In bardic terms, trump XIII is N, consonant of negation and newness (clearing the board in order to create a new pattern, so to speak), which is nion the ash, wood of handles (that whereby man grasps nature, wiping clean what it would have and replacing it with what man would have, as in the Aesop's fable concerning the forest offering man the ash from which he makes the axe-handle that spells the forest's doom). So trump XIII would be the equivalent of the "I am not this, I am not that" (Yoga) meditation whereby one disconnects with all the conventional self-definitions.Melanchollic said:The Hermit seeks to know the mysteries of life, and Death has the answer. Through Death can we know wisdom. The Fool represents the 'divine folly', the freedom from all conventions that great illumination brings.
LeMat, in bardic terms, is the no-thing or space which separates people or objects and is H, or huath the hawthorn (a hedge), whose term in the (probably Orphic) hymn Hercules on the Lotus (reconstructed by Graves from the Boibel Loth names of the ogham letters) is 'I, the Benignant One' or 'Guardian of Boundaries'. It is what keeps one person from experiencing karma meant for another (though it does not of course prevent our feeling sympathy for other).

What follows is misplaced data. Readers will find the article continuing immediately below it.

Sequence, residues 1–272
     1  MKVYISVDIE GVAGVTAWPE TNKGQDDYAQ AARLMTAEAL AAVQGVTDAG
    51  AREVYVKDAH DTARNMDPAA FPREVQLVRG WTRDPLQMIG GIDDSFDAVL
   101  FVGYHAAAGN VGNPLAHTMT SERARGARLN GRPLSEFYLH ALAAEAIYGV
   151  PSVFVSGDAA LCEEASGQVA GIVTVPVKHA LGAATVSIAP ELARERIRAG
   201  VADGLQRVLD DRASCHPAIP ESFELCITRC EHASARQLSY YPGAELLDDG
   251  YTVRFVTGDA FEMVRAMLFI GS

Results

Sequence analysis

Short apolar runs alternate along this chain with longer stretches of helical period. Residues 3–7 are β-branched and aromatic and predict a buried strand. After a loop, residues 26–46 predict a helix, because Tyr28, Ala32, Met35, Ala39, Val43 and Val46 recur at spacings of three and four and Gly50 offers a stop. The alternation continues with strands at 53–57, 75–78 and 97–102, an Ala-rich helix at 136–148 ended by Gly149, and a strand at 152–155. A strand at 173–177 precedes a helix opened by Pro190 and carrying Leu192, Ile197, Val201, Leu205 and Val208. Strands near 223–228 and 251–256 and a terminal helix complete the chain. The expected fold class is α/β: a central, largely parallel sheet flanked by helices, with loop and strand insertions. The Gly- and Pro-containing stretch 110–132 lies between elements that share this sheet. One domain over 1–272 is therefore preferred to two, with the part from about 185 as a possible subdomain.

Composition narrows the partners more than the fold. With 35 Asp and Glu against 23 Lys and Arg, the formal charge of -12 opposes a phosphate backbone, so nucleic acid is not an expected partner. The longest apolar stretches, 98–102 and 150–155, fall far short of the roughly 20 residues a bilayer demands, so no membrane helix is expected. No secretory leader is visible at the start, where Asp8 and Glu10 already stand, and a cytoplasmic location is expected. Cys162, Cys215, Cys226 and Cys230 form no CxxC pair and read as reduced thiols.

Certainly death is a goad, but it seems to me a deeper wisdom is to see each life as a bead on a long string of lives eventually culminating in enlightenment, else all would seem futile n'est ce pas?The uncertainty of death makes each moment precious, and therefore beautiful. It frees us from procrastination, the illusion that we have an infinite amount of time, that we can put off living until some future time. This is one possible way to see Death as Wisdom.
One should make clear distinction between death of the 'self' (which you rightly put in single quotes) and the denial of the existence of any individual self whatsoever (hence of responsibility), which is prominent in Eastern philosophy (and some Western mysticism) and even ascribed by the Theravada Buddhists to Gautama himself, thus distorting his anatta doctrine (futility of seeking self amongst the 5 skandas). It is definitely the ego, the false I, not the actual self, that alchemy seeks to 'kill', this in order that it cease to cloud one's view of the real or divine self beyond (when looking towards the inner horizon, that is, not the outer).There is also the 'allegorical' Death spoken of in many spiritual traditions. It is the death of the 'self' that enables us to be reborn on a higher spiritual level. This death appears often in alchemical engravings.